'Gorilla' marketing Featured

10:47am EDT October 23, 2001

When Kelly Borth's boss at the time, Sandy Fekete of Fekete + Co., gave her a newsletter about agency management more than 10 years ago, she tucked it away.

Someday, Borth thought, she might use the information if she started her own marketing agency.

Since then, Fekete has merged her public relations and marketing company with The Axis Group and Borth has taken the reins at GREENCREST, but still the faded newsletter remains.

Inside is a description of an ideal client mix, complete with a pie chart suggesting client ratios: one client delivering 25 percent of total agency income, two delivering 12.5 percent each, four with 6.25 percent each and eight with 3.125 percent each.

Developed long ago by PR guru Chuck Bowes, it's a formula for balance Borth uses to make sure she has a stable, steady income for her company. Although she declines to state revenue, she says the company's average annual gross sales increase between 1997 and 2000 was 17.33 percent.

"You just don't want to have any one client make up the majority of your sales base," Borth says. "You don't want that gorilla client."

Of course, GREENCREST's mix doesn't match exactly because it has 50 clients rather than the 15 suggested in the chart, but Borth stays above the minimum and below the maximum client size. She's constantly marketing the company and has potential clients in mind, so if she ever loses a client, she's ready to fill the slot with another.

"We've developed enough of a reputation that we can at least meet face-to-face with a company we may like to do business with," Borth says. "We're firm believers that any company should be marketing themselves all the time -- not just in bad times. If you're doing that ,you always have opportunities pending."

Using the formula for balance brings more than just a source of security for Borth:

* She's able to offer more job security for employees.

"We have never hired a new employee because of a new account we've taken on. We've never laid off an employee because of a loss of business," Borth says.

She also can maintain a fairly normal working day for the employees she has.

"You don't find people working here until midnight or 10 o'clock or even 8 o'clock most of the time," she says. "It gives them a better quality of life."

* Focusing on the right client mix has enabled GREENCREST to offer higher quality work, Borth says.

"It allowed us to have time to be strategic and proactive, not reactive. We wanted to be their strategic partner, not their job house," she explains.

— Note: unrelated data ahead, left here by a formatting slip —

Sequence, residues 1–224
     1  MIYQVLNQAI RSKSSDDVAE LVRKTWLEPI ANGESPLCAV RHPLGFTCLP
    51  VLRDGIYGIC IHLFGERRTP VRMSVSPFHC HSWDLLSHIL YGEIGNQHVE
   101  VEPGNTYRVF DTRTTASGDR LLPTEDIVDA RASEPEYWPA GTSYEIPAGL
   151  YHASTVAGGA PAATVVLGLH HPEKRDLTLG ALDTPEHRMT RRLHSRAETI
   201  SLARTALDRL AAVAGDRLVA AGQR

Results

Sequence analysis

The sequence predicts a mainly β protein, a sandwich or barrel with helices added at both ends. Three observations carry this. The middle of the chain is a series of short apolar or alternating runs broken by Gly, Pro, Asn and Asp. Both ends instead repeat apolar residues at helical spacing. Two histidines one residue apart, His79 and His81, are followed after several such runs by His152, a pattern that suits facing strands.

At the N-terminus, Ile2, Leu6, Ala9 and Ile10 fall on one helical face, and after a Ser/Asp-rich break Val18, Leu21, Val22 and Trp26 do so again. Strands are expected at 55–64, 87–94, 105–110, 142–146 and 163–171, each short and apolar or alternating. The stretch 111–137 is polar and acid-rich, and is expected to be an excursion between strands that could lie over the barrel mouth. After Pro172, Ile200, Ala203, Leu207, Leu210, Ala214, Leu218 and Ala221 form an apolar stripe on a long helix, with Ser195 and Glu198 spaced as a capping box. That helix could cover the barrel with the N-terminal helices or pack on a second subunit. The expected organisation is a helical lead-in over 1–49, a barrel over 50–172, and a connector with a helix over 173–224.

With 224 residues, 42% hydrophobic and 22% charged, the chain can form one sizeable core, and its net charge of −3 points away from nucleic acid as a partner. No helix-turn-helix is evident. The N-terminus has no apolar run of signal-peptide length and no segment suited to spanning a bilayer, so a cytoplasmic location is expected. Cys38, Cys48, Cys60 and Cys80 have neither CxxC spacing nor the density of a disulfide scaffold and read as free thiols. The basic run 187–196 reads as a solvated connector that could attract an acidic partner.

The balance also helps Borth watch out for clients that might keep her employees too busy with smaller, more frequent tasks rather than strategic planning. For example, she'd likely turn down business from a car dealership that needed a retail ad placed in newspapers every week; it would be too disruptive for her company.

"We've been in situations where certain clients have caused us to put other clients on hold week after week after week," she says.

* Following the formula forces Borth to take a frank look at what's good for the business.

In 1998, for example, she realized that more than 25 percent of her clients, then numbering about 80, each gave her less than 3.125 percent of her sales base.

"We began to see there was some business we needed to let go of, and we needed to really search for those businesses that would fill the top," she says.

From a new business standpoint, she began to turn away clients that were not looking for a full-service relationship with GREENCREST.

While she did not flat-out stop doing business with the clients giving her small pieces of business, she let them fall away over time.

"What you hear is true that sometimes the smaller the business, the more handholding, the more time it takes to service it, and you're probably losing money on some of that," she says. "What it does is it keeps you from really being able to focus on some of the business you really want -- the business that's going to help you grow your business."

Instead, she's referred that business elsewhere or offered advice pro bono over a lunch meeting.

She knows her limits in the other direction, too, however. If a new client would require her to staff up for its work, she'd probably turn the business away.

Using such a formula requires an intense review, which Borth does every January and July.

"You have to be conscious of where you're at," Borth says. "You have to be conscious of what you're looking for in terms of new business." How to reach: Kelly Borth, GREENCREST, 885-7921 or gcm@greencrest.com

Joan Slattery Wall (jwall@sbnnet.com) is senior editor of SBN Magazine in Columbus.